GAF Fellow Aga Jones’ passion for sustainable floristry has taken her to the USA to learn from industry leaders practising floral foam-free installation work and researching composting systems in metropolitan areas.
Aga’s Fellowship project ‘Towards Zero Waste In Floral Design’ highlights the darker side of the floral industry, including chemical treatments on flowers and non-degradable floral foam. Aga wishes to raise awareness of these issues amongst industry professionals while empowering florists with the skills to make their work sustainable.
How did you feel when you received a George Alexander Foundation fellowship?
Being awarded a GAF Fellowship came as an exciting surprise and most welcome opportunity. I felt honoured to be given this experience and eager to plan and pursue my Fellowship overseas.
How far did GAF take you? Where did the fellowship enable you to travel? Who did it
enable you to visit and learn from?
The GAF Fellowship took me to the USA, predominantly to New York, Rhode Island and Utah to undertake workshops and inter-studio experiences. I was fortunate to work alongside and learn from industry greats such as Fox Fodder Farm, TinCan studios, Shane Connolly, Studio Choo and Soil and Stem.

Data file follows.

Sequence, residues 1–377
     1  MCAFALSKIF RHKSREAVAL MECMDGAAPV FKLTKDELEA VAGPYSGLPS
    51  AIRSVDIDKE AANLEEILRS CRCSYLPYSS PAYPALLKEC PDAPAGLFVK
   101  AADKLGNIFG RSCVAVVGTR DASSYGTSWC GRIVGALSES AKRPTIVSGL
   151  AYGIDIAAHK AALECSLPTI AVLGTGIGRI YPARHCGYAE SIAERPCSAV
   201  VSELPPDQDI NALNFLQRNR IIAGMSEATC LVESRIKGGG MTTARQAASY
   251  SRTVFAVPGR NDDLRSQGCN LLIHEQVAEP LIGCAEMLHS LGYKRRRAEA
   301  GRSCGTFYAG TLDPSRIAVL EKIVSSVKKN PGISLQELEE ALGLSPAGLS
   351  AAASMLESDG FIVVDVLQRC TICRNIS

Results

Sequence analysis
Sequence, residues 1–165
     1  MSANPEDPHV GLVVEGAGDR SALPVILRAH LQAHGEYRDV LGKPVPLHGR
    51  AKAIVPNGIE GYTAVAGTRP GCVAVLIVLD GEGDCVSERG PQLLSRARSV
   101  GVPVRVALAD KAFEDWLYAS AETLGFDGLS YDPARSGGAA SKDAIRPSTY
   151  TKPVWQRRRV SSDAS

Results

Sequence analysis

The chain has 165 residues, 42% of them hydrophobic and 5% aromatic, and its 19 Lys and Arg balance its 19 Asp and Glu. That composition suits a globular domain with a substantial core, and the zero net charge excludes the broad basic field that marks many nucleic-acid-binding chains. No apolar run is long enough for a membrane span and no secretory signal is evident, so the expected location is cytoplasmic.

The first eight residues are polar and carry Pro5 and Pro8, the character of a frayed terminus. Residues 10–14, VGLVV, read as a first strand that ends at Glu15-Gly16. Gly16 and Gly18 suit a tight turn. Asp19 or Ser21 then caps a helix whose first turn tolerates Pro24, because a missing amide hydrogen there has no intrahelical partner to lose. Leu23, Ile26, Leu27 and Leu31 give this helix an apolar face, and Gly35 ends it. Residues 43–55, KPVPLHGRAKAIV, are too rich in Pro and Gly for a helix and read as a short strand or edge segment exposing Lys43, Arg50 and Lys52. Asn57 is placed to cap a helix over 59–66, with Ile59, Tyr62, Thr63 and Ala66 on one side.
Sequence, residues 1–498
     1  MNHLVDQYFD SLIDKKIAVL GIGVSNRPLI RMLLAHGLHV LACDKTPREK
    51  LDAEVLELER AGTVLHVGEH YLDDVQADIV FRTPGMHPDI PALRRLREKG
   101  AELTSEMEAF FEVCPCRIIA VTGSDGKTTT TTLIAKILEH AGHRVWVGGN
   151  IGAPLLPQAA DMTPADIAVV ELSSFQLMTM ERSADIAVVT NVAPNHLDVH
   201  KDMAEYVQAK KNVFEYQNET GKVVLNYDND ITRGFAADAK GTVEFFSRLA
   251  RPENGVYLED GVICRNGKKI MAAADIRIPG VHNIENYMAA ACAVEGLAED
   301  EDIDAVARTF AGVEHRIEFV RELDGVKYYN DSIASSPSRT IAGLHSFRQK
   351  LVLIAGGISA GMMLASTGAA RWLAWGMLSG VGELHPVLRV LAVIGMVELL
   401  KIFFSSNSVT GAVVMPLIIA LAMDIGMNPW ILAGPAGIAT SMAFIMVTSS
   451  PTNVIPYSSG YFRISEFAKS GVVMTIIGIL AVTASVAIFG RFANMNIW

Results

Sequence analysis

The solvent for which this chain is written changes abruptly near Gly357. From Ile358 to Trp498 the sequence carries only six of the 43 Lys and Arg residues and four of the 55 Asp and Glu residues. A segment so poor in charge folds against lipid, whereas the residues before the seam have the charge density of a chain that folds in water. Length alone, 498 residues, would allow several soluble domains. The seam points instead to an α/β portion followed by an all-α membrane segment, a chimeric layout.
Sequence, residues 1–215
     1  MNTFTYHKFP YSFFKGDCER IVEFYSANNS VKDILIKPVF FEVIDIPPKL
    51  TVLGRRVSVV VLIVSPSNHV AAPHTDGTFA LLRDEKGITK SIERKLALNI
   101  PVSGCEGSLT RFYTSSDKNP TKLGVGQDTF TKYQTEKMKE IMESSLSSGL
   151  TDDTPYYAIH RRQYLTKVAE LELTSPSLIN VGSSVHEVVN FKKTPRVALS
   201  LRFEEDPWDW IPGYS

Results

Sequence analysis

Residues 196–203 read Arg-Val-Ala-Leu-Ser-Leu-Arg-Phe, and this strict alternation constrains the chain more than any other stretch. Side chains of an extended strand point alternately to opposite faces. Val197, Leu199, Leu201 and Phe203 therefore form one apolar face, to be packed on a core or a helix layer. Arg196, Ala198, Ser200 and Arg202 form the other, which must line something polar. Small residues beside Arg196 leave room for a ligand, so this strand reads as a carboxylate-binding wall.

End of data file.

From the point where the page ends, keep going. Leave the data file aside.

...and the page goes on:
What skills have you developed because of this Fellowship/what did you learn?
During the fellowship, I was able to learn how to construct large-scale installations and arbours all without the use of floral foam which is a non-degradable polymer used widely across the industry.
I also investigated local and seasonal flowers in Rhode Island and New York from the perspective of accessibility to florists and seasonal availability. Finally, I researched composting solutions available to businesses in New York.
What led to your interest in sustainable floristry?
A background in environmental management and sustainability and a passion for nature and ecological living meant that my business venture naturally became sustainably focused. I not only believe in creating beautiful seasonal arrangements but want to do so in an environmentally sensitive manner. Otherwise, there is no point.
How do you hope to change the Australian floristry industry?
I hope to inspire change within an industry that uses a lot of floral foam, plastic, imported flowers and often this all ends up in landfill. Through conversation and demonstration, I endeavour to teach as many florists about ecologically sounds floristry practices.
Any flower arranging or buying tips for the George Alexander Foundation community?
Don’t be afraid to ask questions. Are these flowers grown locally? Are they bee-friendly? Do you spray these flowers with chemicals? Do you use floral foam in your arrangements?
By asking questions and voting with our dollar, florists and their customers can make a change.